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Ten Reasons for Trekking Poles

Dan Sandberg  Tom Wright  and Will Dean using poles to assist with steep off trail terrain on a backcountry ski trip. Mt. Cashmere  Washington.
Friday August 21, 2020
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Many novice and intermediate hikers and mountaineers often wonder if trekking poles are necessary. They reference black-and-white film reels of early hikers and explorers covering rough ground without poles or modern equipment and wonder why such gear is necessary. Humans have evolved to do one thing very well, and that thing is to walk across the planet Earth.

However, increases in efficiency can be gained by taking advantage of modern equipment. Consider the modern hiking boot or trail running shoe. Sure, hikers can wear anything to walk on trails, but if they are interested in walking long distances, across broken terrain, and they want to enjoy the process with a minimum of physical pain, then a hiking shoe is the logical choice.

Trekking poles are quickly becoming an accepted piece of equipment that does the same thing as a hiking boot or a trail running shoe: they increase efficiency and comfort, allowing users to cover more ground, at a higher speed, and with more physical enjoyment than previously believed possible. If you are interested in hiking with more pleasure and efficiency than before, trekking poles are for you.

Here are our top 10 reasons why trekking poles should be a standard part of your hiking kit:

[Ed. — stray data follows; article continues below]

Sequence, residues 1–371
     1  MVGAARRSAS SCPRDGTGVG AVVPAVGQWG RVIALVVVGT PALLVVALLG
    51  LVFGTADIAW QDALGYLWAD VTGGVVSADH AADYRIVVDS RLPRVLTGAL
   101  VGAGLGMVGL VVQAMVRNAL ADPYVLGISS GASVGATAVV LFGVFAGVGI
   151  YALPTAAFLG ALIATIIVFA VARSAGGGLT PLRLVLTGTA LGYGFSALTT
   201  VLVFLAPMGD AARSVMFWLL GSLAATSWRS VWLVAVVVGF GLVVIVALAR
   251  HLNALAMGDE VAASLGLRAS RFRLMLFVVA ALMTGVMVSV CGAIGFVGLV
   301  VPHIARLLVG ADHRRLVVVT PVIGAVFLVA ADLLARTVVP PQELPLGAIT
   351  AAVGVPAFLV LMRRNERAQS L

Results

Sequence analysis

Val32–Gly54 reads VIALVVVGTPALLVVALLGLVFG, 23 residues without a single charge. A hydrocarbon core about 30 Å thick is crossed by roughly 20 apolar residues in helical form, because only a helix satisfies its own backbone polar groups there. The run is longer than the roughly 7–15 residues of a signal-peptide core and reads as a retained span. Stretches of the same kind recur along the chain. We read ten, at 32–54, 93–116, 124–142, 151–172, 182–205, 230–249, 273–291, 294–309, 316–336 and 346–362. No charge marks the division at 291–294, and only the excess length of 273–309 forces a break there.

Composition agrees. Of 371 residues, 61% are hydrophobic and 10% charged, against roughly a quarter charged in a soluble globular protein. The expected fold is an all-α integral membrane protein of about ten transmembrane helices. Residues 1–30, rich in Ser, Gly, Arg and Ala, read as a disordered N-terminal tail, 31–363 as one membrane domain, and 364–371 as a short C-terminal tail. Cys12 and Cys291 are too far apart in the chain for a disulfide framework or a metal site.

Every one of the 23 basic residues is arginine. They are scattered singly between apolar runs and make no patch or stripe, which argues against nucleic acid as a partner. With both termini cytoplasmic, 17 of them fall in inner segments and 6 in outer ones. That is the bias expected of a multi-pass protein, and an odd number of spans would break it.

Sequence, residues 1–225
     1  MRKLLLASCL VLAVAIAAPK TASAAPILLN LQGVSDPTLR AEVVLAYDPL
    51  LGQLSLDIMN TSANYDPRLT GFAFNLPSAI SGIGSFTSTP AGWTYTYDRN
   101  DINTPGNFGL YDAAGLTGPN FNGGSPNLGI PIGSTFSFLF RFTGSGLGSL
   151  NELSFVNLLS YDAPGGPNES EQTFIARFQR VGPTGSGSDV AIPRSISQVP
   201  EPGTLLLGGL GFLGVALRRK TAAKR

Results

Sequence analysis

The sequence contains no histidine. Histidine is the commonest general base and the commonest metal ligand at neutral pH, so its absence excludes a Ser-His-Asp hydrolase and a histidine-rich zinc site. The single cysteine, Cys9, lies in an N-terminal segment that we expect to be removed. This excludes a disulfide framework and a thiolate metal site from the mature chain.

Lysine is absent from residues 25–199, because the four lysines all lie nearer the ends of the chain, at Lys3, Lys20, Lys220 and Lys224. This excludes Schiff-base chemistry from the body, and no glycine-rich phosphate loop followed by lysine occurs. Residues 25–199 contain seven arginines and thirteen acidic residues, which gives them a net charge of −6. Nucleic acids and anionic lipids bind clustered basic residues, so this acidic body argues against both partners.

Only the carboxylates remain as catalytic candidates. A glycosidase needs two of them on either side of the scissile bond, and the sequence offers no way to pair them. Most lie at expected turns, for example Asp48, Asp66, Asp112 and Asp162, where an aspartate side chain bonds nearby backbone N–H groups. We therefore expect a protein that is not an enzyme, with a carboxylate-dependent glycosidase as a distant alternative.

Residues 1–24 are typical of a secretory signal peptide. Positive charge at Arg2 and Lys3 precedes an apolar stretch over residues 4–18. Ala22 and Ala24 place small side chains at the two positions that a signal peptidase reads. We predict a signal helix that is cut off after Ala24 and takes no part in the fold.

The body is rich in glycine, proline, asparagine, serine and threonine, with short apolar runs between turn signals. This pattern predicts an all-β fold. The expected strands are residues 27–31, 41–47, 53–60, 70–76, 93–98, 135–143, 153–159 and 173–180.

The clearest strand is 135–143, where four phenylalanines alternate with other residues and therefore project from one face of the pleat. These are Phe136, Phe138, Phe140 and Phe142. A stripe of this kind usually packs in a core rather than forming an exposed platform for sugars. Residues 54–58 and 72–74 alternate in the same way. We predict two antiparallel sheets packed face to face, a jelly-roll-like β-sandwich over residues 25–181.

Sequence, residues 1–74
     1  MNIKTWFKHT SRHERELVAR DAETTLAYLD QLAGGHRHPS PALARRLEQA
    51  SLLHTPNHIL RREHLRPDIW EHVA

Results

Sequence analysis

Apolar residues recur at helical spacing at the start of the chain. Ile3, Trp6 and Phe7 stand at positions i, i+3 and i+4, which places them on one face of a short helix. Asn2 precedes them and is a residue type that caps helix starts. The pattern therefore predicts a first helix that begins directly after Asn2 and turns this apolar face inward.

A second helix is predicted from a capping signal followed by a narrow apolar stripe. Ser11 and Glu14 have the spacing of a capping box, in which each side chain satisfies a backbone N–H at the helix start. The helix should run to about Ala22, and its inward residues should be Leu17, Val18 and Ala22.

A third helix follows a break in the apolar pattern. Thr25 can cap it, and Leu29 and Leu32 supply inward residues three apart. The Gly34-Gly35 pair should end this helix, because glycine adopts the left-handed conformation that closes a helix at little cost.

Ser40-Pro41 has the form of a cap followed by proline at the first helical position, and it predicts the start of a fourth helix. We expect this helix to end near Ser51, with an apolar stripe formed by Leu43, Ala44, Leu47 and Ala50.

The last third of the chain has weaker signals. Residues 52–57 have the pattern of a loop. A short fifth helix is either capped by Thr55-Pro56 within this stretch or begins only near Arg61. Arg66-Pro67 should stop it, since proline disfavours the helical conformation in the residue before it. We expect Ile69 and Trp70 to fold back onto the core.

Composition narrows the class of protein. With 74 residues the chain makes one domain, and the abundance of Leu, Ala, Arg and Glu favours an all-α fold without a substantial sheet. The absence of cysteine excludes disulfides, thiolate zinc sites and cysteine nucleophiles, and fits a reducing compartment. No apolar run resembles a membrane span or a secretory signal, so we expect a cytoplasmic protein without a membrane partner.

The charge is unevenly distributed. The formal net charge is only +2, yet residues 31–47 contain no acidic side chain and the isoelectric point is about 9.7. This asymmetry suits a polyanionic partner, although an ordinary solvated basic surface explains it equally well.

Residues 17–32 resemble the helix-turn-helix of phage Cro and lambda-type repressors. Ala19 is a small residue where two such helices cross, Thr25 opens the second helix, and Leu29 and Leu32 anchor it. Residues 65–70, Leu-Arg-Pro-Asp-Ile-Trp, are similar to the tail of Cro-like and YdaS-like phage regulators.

1. Trekking poles incorporate your arms and shoulders into the hiking motion, allowing you to use more muscle to propel yourself uphill and to control your descent. The net result is an increase in speed, without an increase in leg soreness.
  1. Poles reduce the impact on your legs, knees, ankles, and feet, especially when going downhill. A 1999 study reported in The Journal of Sports Medicine described how trekking poles can reduce compressive force on knees by as much as 25 percent. By allowing the shoulder muscles to absorb some of the force that would otherwise travel through the knees, trekking poles can extend your lifespan as an active, pain-free hiker.
  1. Trekking poles can deflect backcountry nuisances, pushing away thorny blackberries and spider webs — which can make your travel more comfortable. They are also great for smacking recent rainfall off branches in your path, leading to dryer travel.
  1. Using poles can help establish a consistent rhythm, which in turn can increase your speed. This is especially true on flat terrain.
  1. Poles provide an extra two points of contact, which improves your traction on surfaces like mud, snow, and loose rock.
  1. Poles help with your balance when dealing with difficult terrain such as river crossings, root-strewn trails, and slick log bridges. Staying balanced helps you move quickly and safely.
  1. Poles can be used as a probe, providing more information than is available just with your eyes. Use your poles to learn about puddles, melting snow around rocks, and quicksand.
  1. With more dogs on the trail than ever, trekking poles can be used defensively against aggressive canines. On more than one occasion, our testers used their poles to keep malicious dogs at bay until their owners arrived.
  1. Trekking poles help to alleviate some of the weight you carry by distributing it across four limbs instead of two, especially while climbing or descending.
  1. Trekking poles have uses for more than trekking. They save the weight of having dedicated tent poles; pitching a shelter with trekking poles can save up to two pounds. Trekking poles are also much stronger and more rigid than tent poles, so they're less likely to break in high winds. This helps creates safer shelters. Poles can also double as a medical splint and can serve as ultralight packrafting paddles.

Pitching a tent with trekking poles saves you the weight (1-1.5 lbs) of dedicated tent poles.
Pitching a tent with trekking poles saves you the weight (1-1.5 lbs) of dedicated tent poles.

See the best trekking poles in our Trekking Pole Review and helpful tips for selecting the best poles in our Trekking Pole Buying Advice.

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